Because research in regard to biochemical mechanisms involved in CFS is lacking, further investigation is needed, such as a possible link to the biochemical mechanism of C-1 esterase inhibitor.
Studies of C-1 esterase inhibitor deficiency focused on angioedema with specific mention of mechanisms involved in hereditary and acquired angio-neurotic edema. C-1 esterase inhibitor consists of a single polypeptide chain of 478 amino acid residues. C-1 INH deficiency results in increased vasoactive substance release and vascular permeability as well as recurrent mast cell degranulation. A study is needed to determine if this mechanism is involved in CFS.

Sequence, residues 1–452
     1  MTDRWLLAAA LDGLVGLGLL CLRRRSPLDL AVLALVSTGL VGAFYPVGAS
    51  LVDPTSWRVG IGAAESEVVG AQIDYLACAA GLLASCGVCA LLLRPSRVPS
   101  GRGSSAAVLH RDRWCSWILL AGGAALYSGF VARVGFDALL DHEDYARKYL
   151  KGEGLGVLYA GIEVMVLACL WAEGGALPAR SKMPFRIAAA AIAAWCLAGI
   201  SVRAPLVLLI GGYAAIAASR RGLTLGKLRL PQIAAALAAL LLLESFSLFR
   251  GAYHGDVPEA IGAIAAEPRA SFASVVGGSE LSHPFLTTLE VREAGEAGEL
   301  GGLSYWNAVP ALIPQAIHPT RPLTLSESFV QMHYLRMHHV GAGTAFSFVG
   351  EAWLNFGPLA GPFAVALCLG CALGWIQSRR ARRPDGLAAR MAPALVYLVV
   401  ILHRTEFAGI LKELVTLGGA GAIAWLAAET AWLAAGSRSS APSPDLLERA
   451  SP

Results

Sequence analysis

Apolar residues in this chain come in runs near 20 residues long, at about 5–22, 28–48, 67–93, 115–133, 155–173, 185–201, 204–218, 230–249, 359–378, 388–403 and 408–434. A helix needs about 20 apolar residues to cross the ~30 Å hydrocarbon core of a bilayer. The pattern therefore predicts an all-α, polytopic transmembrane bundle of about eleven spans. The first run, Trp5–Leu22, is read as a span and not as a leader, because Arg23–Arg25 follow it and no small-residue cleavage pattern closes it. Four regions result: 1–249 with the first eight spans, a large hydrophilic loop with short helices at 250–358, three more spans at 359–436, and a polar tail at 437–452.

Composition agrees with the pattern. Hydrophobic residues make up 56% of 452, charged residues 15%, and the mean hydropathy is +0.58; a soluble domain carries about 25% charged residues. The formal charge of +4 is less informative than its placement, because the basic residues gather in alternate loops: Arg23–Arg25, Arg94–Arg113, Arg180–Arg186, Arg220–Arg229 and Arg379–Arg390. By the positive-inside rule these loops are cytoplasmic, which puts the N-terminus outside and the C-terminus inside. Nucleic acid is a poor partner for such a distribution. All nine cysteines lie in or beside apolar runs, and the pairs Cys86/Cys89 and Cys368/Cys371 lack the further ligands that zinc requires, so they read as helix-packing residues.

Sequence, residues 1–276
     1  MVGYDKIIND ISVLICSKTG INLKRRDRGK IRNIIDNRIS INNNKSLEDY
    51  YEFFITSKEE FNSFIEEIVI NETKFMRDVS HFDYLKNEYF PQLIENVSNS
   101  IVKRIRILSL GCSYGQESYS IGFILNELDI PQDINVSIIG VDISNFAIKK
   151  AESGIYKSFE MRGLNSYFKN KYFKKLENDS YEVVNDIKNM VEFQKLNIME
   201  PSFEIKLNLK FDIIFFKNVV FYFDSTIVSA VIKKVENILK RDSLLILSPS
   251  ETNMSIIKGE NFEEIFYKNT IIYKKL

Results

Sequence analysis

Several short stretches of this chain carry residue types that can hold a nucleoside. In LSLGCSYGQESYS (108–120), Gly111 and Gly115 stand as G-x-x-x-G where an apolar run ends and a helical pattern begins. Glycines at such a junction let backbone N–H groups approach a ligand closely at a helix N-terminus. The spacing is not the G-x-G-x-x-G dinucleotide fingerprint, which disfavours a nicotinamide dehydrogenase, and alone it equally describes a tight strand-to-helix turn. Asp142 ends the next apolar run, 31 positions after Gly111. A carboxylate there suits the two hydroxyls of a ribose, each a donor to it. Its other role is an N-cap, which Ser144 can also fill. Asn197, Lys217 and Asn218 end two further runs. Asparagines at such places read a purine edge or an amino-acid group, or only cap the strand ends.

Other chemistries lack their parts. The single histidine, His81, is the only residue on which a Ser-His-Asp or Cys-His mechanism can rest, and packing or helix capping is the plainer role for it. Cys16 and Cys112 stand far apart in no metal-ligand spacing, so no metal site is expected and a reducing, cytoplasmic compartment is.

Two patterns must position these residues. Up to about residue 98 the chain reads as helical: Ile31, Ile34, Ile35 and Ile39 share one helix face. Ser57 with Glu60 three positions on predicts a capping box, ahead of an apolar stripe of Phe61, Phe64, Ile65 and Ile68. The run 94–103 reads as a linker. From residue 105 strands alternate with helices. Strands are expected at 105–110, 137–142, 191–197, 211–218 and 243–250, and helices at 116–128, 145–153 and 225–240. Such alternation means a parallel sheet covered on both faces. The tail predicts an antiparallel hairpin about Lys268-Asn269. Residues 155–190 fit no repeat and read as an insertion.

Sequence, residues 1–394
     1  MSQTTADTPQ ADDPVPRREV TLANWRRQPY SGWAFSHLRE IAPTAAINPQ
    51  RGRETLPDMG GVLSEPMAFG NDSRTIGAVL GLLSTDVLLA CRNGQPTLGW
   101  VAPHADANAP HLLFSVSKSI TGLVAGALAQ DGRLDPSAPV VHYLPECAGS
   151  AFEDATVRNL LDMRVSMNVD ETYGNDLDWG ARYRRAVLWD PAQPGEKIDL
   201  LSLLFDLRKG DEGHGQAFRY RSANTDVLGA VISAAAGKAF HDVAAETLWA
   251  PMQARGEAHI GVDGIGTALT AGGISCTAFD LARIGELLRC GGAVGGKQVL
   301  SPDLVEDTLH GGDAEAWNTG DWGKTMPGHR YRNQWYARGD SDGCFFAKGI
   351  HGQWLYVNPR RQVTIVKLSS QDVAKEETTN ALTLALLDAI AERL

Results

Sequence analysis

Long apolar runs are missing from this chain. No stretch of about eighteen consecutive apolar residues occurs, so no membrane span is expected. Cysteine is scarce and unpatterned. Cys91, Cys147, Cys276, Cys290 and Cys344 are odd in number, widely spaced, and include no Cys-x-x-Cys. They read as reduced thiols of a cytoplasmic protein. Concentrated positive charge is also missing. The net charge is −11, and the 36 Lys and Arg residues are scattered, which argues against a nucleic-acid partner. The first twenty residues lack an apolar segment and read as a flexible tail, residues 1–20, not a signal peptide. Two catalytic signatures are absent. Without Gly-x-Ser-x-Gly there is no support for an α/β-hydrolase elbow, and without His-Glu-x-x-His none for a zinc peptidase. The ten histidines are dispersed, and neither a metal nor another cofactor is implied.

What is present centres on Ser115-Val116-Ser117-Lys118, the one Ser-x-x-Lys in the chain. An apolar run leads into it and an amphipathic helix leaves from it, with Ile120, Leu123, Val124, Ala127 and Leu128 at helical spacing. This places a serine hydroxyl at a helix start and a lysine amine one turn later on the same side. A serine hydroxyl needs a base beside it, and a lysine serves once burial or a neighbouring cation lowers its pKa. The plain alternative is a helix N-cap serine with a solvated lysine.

The purpose of this study is to compare CFS and non-CFS women in regard to C-1 esterase inhibitor levels, fatigue, depression, and activities of daily living (ADL).
The study questions that will be investigated are listed below.
1. What is the difference in C-1 esterase inhibitor levels in CFS patients and non-CFS patients?
2. How do CFS patients' scores on the Fatigue Scale differ from non-CFS patients' scores?
3. How do CFS patients' scores on the Beck Depression Scale differ from non-CFS patients' scores?
4. How do CFS patients' scores on the ADL's index differ from non-CFS patients' scores?